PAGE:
Mark Trahant: It depends. In Montana and New Mexico, Native American turnout exceeds the general population, but in other states it lags. Probably the lowest turnout would be Alaska. Alaska is really a paradox. In Montana, the [number of Native American members in the] state legislature has parity with the population; the legislature is 7% Native and the electorate is 7%. If you look at Alaska, it should be 20% and the Alaska legislature is more like 5%.

NCAIED: Is that a result of the difficulties of voting in the remote Alaska Native villages?

Mark Trahant: That and districting. The districts are terrible. That is why the Census is so important. Aligning the districts with the way people vote alone could change the outcome.

NCAIED: Are there any state or local races that aren’t getting national attention but that you are watching closely and that might have some broader implications for Indian Country?

Mark Trahant: One that is interesting is Jackie Fielder in Northern California, running for state senate. She is Lakota and has run a very smart campaign. California has a top-two primary so I think there are two Democrats running against each other in that district, so it will be interesting to see how it plays out.

Oregon could double the number of legislators with two and I think both of them have a shot. State Rep. Tawna Sanchez was the only one last time, this time it could go up to two.

Alaska is going to be interesting for another reason. It’s not straight party politics in Alaska. The state House was a combination of Democrats, Republicans, and independents (with the Speaker Bryce Edgmon, who is Alaska Native). In the primaries, Republicans went after their members who caucused with Democrats. Now it’s a question of, do you want Republicans who will play well with Republican leaders or another candidate who will play with the Democratic leaders? And that’s going to be interesting to watch.

NCAIED: How does this election compare to past elections for Indian Country?

Mark Trahant: There are really different views of the world at play right now. You have to go back to the Civil War to see this kind of division in the United States, and Indian Country is right in the middle of it.

One of the things that I think will probably happen is, no matter who wins, there’s going to be really dramatic changes in governance structure, partly because of the pandemic and partly because folks are really tired of the inability of either side to govern. That could mean things like the end of the filibuster, to changes to the way committees are assigned, and all sorts of things.

NCAIED: There’s been lots of attention on social justice, particularly through the Black Lives Matter movement, over the last few months. We’ve seen a movement in Indian Country, too, with the Washington Football Team finally dropping its name. Do you see that playing out on the campaign trail with native candidates? Are Native voters demanding to hear more about these issues?

Mark Trahant: It’s definitely part of the conversation. How it plays out I think is still to be determined, but folks are talking about it in a new way.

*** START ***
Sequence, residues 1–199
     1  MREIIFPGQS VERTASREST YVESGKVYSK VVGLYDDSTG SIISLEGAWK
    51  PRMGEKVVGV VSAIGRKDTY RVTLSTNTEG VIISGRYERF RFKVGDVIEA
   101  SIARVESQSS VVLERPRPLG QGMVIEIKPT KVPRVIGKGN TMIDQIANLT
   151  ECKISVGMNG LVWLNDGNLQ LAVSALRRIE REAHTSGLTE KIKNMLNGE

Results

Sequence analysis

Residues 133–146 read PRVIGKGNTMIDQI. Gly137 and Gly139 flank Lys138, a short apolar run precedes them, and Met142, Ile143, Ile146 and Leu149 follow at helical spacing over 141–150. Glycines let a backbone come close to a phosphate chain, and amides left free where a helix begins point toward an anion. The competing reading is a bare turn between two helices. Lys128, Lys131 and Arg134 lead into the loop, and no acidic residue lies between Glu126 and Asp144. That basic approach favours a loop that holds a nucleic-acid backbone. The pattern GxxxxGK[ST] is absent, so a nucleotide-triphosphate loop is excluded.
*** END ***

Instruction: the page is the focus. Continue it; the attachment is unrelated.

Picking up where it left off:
Campaigning is so different this year. I spent the afternoon with State Rep. Shane Morigeau who is running for State Auditor of Montana (note: Rep. Morigeau was honored as a 2019 recipient of the National Center’s 40 under 40 awards), and it’s Zoom to Zoom to Zoom. They’re actually doing a rally where people will drive up in their cars and listen to the speaker on the radio in order to stay safe.

One thing to watch will be the early vote. Arizona dropped ballots this week. Make sure to get your ballot early - and vote early!

NCAIED: We hear a lot about the current challenges of voting during a pandemic. How do these issues affect the Native vote? Are there unique challenges in Indian Country that may not be present in other parts of the Untied States?

Mark Trahant: It’s hard to think of another population that is so reliant on the Post Office. P.O. boxes are the way of the world in a lot of reservation communities. It’s a small, but important, number of people who live far away from a Post Office - it may involve a 20- or 30-mile drive. That and having multiple families in one house, a lot of people worry about having a mail election because it’s just not as convenient.

That being said, tribes in Washington have done pretty well with vote by mail (note: Washington State has long conducted its elections almost exclusively by mail), so there is a track record. A lot of the activists I’ve talked to are spending a lot of time educating people on how to make vote by mail work. The ideal would be if it was vote by mail plus other things; drop boxes and early voting stations in some combination that would be effective to get the most people to vote.

NCAIED: Anything else you want to add?

Mark Trahant: I was lucky enough to know Helen Peterson, longtime executive director of the National Congress of American Indians. As early as the 1950s, her writing for the American Political Science Association was focused on engaging the Native vote. She assisted her colleague at the time, the chairman of the Coeur d’Alene Tribe, in running for the Senate in 1964.

Point being, there is a long arc of trying to engage in politics. It’s not something new, but at every level it keeps getting better and better and you see the point where the idea of parity—of actually having a voice that’s equal to the population—gets closer and closer. We have a chance to achieve that in the U.S. House in this election.